you will have to purchase the stock from the cash market to honour the delivery obligation to the buyer. Now. if the option buyer exercises his right.e. if the buyer exercises the call. Equity options & futures are cash settled and are not settled by delivery of shares. the option is known as a 'naked option'. the option writer does not hold the underlying stock. If you act as the option writer.A Reliance Capital Company in a naked option. In this case. you will have to purchase the stock from the cash market in order to be able to deliver the shares to him. and you do not hold 100 shares of this company. 15 . For instance. currently in India. 100 shares) of Company ABC. Your loss will be the price at which you are forced to purchase the shares less the strike price less the premium you have received. you earn a premium from the option buyer. • Naked options are options where the option writer does not hold the underlying stock. However. if you sell a call option of 1 lot (i.

you will receive Rs 1. you will receive Rs 800 (100 shares x Rs 8 premium per share) on sale of your option. 16 .A Reliance Capital Company • Trading an option in the market Once you have purchased an option (put or call option). the premium falls). you need not hold onto an option till its expiry. the current market price of the underlying stock and the time left for expiry of the option (with decrease in time. You can sell it in the market. you need not hold it till expiration. © If the premium per share has risen to Rs 11.100 (100 shares x Rs 11 premium per share) on sale of your option.100 shares) for a premium of Rs 10 per share (the total premium payable on the contract would be Rs 1. You can sell this option in the market any time before the expiry date. Example: If you have purchased a Company ABC call option (lot size . Premium on an option continuously changes with the demand/ supply for the option.000 (100 shares x Rs 10 premium per share)) from an option writer. You can sell it in the market at the then prevailing premium. © If the premium per share has fallen to Rs 8.

The amount by which an option's total premium exceeds its intrinsic value is called the 'time value portion' of the premium. You are said to be • © 'in the money' if the difference yields a profit to the buyer. Your option has an intrinsic value only if you are 'in the money'. 17 .Rs 100). © 'at the money' if the spot price and the strike price are the same. it has an intrinsic value of Rs 10 (Rs 110 .its 'intrinsic value' and its 'time value'. © market value of an option = its 'intrinsic value' + its 'time value'. Generally.A Reliance Capital Company Valuing an option The market value of an option is a combination of two factors . an option loses its 'time value' as its expiry date approaches. For instance. an option is worth only its intrinsic value. Time value: 'Time value' is the amount that an option buyer is willing to pay for the possibility that the option may become profitable prior to the expiry date. On expiry. due to a favourable change in the price of the underlying asset. 'out of the money' if the difference yields a loss. Intrinsic value: The intrinsic value of an option is determined by the difference between the spot market price and the strike price. if the spot price per share of Company ABC is Rs 110 and you hold a Company ABC call option that carries a strike price of Rs 100.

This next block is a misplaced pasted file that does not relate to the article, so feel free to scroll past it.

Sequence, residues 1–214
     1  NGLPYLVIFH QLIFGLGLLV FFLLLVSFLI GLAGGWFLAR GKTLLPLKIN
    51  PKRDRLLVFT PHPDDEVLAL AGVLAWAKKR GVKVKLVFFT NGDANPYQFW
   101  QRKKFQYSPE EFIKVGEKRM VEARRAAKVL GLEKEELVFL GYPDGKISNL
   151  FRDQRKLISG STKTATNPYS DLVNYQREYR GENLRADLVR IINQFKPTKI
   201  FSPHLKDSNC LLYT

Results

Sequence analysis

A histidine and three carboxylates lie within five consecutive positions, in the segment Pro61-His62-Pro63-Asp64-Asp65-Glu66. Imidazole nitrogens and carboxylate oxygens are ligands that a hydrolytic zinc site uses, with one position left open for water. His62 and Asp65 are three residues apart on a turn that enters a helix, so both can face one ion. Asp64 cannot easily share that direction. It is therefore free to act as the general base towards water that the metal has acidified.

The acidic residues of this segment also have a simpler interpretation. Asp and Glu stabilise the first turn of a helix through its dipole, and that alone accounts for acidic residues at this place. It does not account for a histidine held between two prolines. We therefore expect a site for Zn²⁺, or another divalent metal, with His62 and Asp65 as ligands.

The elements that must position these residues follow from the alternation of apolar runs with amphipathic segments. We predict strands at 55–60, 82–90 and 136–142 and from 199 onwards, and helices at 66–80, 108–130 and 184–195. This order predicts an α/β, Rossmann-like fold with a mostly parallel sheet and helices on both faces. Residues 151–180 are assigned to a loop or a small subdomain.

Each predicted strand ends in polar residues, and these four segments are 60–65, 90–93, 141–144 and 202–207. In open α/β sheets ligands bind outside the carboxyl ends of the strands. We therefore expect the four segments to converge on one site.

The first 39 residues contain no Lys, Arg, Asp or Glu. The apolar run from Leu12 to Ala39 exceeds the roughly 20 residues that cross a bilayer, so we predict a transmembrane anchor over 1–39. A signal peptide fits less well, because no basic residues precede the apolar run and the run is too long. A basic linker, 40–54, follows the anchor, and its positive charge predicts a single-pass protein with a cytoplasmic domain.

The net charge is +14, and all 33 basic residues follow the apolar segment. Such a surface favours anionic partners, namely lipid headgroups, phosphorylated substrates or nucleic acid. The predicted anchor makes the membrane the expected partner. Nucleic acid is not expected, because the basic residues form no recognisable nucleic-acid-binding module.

Futures can have a validity of 1 month.A Reliance Capital Company About futures Futures are derivative contracts that require you to sell or buy a specified quantity of the underlying asset on a specified date (expiration date) at the spot price of the underlying asset prevailing on the expiration date. These contracts do not have a strike price. In other words. 18 . when the contract expires. 2 months or 3 months. market on the expiration date. the holder gains or incurs a loss depending on futures contracts the prevailing spot price of the underlying asset in the cash do not have a strike price.

The only difference is the underlying asset. etc.index futures and stock futures. the BSE Sensex. which have the index value (NSE Nifty. 19 .) as the underlying asset. Both these derivative products work in the same manner.A Reliance Capital Company Stock and index futures There are two kinds of actively traded futures . © Each index/stock future contract has a 'market lot' or a certain pre-determined number of index units/shares that constitute one contract. © Index futures are derivative contracts. index futures and stock futures are two types of actively traded futures. Stock futures are derivative contracts that have an equity share as the underlying asset.

The cost typically includes interest costs. Pricing a futures contract The fair price of futures contracts depends upon the spot price and the cost of carry. fair price of futures contracts depend upon the spot price and the cost of carry.5 per cent.015 (the current price plus interest). Let's assume that no dividends are expected and that the one-month cost of carry is 1. 20 .000. less any dividends received in this period. The fair price for Company ABC's stock futures contract that expires after a month is Rs 1. In other words.A Reliance Capital Company Features of a futures contract All futures contracts are traded on the futures (derivatives) section of the stock exchange. the actual value may vary depending on the present demand and supply of the underlying asset and expectations about the future. Although these contracts cannot be liquidated before their expiry date. Example: Suppose you purchased stock futures of Company ABC when its price was Rs 1. a futures contract is bought and sold regularly on the market till its expiry. Apart from the theoretical value. Cost of carry is the sum of all costs that you would have to bear if you purchased the underlying asset now from the stock market and held on to it until the time of maturity of the futures contract. you can sell them on the exchange.